Guanaja is the “lost jewel” of the Caribbean. The island is about 3 miles wide and 11 miles long, with one 3 mile long road that connects the villages of Mangrove Bight on the north shore and Savannah Bight on the south shore. Aside from those villages, all other property around the island is water access only. It is the least developed of the three main Bay Islands.
Christopher Columbus christened what is today Guanaja as the “Island of Pines” in 1502. Although there are few patches of pine on Roatan, Guanaja is the only island whose vegetation is dominated by conifers.
It has the highest elevations of the bay islands (the highest peak being about 1400’) and is lush and green year round, although drier than many tropical islands. It is completely surrounded by the Mesoamerican reef system, second in size only to the famous Australian Great Barrier Reef system, which provides untouched reef for wonderful diving and snorkeling and extensive flats for fly fishing. Much of the island is also surrounded with swampland, so the bird life here is extensive and becoming very popular with “birders.” Our wildlife refuge is even the occasional home to migrating flocks of white pelicans.
When it comes to diving, Guanaja has a lot to offer. The islands’ 45 plus dive sites are known for healthy reefs, pinnacles and volcanic caverns, and wrecks.
Guanaja is the second smallest of the three best-known bay islands and is the furthest away from mainland Honduras. It is the only island not directly accessible by ferry from the mainland or the other two islands of Roatan or Utila. The island has a small airport that can handle up to 19-passenger twin engine turbo prop planes and has two airlines that each has a morning flight and an afternoon flight connecting Guanaja to La Ceiba on the mainland and to Roatan.
The island population is about 10,000, with the majority living on Bonacca, a small cay just off the south shore of the island. This densely populated cay has been described as the Venice of Honduras because of the waterways that run through it. Guanaja was settled by descendants of British families that matriculated through the Cayman Islands, and the first language is English.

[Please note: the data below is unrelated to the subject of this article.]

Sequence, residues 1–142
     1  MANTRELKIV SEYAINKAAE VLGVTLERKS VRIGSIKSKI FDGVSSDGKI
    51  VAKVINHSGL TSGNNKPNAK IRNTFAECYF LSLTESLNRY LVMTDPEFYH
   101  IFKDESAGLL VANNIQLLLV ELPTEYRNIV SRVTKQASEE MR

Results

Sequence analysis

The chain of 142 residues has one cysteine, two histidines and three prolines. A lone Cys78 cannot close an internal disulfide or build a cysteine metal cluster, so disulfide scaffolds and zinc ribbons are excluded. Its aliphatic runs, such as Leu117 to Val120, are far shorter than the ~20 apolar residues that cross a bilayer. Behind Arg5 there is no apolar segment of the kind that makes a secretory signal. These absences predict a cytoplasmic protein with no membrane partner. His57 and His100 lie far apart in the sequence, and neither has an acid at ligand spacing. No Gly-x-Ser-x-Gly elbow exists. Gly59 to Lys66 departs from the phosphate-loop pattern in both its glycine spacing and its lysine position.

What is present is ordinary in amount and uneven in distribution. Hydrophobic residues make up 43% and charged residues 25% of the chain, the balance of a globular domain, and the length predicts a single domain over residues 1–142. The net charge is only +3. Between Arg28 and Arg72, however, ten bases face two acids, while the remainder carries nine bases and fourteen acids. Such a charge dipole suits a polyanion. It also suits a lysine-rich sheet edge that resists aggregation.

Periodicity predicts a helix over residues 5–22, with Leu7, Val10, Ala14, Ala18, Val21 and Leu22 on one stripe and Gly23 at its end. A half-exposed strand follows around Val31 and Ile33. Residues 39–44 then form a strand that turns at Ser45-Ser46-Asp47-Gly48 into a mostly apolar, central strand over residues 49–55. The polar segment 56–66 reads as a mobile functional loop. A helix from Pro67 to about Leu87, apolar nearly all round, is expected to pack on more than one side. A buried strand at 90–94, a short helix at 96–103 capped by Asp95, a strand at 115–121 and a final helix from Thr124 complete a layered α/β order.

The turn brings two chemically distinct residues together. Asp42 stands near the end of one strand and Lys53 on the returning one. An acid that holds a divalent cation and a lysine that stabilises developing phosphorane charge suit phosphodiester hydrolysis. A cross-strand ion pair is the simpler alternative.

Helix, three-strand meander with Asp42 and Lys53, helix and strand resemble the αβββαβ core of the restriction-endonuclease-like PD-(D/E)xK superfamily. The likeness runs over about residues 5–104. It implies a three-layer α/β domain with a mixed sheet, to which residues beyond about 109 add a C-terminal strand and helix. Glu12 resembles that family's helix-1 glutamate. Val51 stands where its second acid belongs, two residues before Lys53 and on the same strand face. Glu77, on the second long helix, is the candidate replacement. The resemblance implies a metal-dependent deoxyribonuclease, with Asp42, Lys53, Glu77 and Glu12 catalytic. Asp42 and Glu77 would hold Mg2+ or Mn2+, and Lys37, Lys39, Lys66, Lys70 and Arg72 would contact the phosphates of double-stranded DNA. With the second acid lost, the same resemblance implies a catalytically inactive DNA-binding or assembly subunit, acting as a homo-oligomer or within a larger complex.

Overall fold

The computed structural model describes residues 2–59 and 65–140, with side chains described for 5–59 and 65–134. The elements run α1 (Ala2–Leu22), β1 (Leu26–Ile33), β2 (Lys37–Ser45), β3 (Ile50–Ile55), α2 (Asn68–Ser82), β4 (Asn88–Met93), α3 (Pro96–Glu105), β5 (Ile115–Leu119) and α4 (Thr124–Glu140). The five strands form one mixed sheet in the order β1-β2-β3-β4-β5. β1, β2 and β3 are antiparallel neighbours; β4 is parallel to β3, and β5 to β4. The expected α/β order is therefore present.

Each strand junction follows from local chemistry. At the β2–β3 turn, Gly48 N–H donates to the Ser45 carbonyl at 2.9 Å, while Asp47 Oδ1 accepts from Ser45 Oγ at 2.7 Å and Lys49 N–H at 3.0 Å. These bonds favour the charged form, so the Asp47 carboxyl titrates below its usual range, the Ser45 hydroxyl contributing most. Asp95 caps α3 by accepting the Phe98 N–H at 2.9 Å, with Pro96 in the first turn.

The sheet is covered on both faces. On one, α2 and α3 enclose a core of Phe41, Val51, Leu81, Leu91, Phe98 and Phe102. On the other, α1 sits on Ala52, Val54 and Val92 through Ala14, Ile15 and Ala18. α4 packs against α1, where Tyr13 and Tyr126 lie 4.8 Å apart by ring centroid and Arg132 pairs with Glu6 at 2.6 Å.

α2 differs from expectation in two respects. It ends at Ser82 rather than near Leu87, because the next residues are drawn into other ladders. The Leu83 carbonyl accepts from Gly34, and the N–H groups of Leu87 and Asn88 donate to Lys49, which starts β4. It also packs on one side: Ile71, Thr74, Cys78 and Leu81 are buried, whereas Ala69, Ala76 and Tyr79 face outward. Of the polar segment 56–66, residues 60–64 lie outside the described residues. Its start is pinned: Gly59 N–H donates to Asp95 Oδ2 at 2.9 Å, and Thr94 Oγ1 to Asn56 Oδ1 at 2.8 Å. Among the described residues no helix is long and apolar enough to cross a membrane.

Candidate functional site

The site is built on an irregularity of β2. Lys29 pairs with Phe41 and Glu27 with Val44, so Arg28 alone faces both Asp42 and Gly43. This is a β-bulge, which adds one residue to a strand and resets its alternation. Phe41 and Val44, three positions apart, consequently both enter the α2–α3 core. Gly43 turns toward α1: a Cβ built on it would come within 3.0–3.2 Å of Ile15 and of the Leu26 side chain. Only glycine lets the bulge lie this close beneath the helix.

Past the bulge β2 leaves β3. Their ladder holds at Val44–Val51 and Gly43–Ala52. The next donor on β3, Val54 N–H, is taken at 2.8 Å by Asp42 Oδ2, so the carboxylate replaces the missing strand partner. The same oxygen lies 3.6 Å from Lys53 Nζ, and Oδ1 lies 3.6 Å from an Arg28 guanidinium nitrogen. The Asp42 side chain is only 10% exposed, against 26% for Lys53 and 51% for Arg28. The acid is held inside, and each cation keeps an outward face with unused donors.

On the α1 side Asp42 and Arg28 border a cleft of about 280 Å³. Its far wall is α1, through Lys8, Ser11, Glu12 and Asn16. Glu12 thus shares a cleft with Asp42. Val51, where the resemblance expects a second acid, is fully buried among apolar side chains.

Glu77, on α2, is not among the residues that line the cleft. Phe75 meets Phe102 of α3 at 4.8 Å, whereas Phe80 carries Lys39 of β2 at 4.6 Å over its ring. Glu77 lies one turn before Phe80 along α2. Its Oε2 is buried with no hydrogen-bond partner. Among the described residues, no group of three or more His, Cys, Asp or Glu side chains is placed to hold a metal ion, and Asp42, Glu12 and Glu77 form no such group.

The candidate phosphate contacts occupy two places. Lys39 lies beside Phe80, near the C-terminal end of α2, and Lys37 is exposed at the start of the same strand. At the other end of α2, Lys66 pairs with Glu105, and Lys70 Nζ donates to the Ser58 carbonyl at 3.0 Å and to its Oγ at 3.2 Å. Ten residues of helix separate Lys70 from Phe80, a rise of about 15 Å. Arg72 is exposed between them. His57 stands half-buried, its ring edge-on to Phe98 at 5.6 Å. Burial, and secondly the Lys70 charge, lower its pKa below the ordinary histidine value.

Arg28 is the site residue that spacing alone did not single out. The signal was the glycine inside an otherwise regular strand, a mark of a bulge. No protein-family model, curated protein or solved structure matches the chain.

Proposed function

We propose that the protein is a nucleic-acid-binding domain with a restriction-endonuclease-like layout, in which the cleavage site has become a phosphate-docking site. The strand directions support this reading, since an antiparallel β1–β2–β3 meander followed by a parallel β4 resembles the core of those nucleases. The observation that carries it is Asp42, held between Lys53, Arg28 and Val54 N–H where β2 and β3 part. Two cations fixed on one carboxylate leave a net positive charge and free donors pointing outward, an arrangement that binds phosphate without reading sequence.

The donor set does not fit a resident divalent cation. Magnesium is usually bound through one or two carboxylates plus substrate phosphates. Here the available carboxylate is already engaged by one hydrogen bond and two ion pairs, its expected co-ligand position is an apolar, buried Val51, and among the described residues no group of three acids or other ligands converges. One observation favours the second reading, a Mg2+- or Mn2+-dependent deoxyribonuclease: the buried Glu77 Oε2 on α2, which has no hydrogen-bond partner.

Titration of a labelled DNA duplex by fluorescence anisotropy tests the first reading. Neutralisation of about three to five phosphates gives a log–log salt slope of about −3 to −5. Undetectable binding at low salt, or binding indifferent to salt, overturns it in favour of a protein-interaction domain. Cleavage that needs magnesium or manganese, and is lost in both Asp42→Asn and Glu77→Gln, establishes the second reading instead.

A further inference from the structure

Many more people of Spanish descent have come over from the mainland, so a large portion of the population speaks only Spanish now. However, if you speak to anyone from the original families that settled Guanaja, you will quickly be informed that “Bonaccans” speak English, not Spanish. Also, many of these descendants have fair complexions and red or blond hair. Most of the locals now speak their own “patois” of English and Spanish.
Many of the inhabitants live by going out on the seasonal fishing/lobster/shrimp boats. Many have family members that live and work in Cayman or the US and send funds home to assist with support for their families that are still at home. Guanaja has a sizable expat community consisting mostly of Americans, Canadians, and Germans.
Many sail boaters discover the island and return year after year and eventually settle here. The island has almost a spiritual draw for many folks. It is quiet, peaceful, and far enough off the beaten path to, pretty much, be its own entity. We receive deliveries, including all supplies and food, to the island via freight boat once a week, as long as a major holiday or Mother Nature doesn’t interfere. All supplies are then loaded onto private boats and carried to their respective docks to be carried to the homes/businesses.
As we like to tell people: We like the remoteness that is Guanaja, but living here is not for everyone.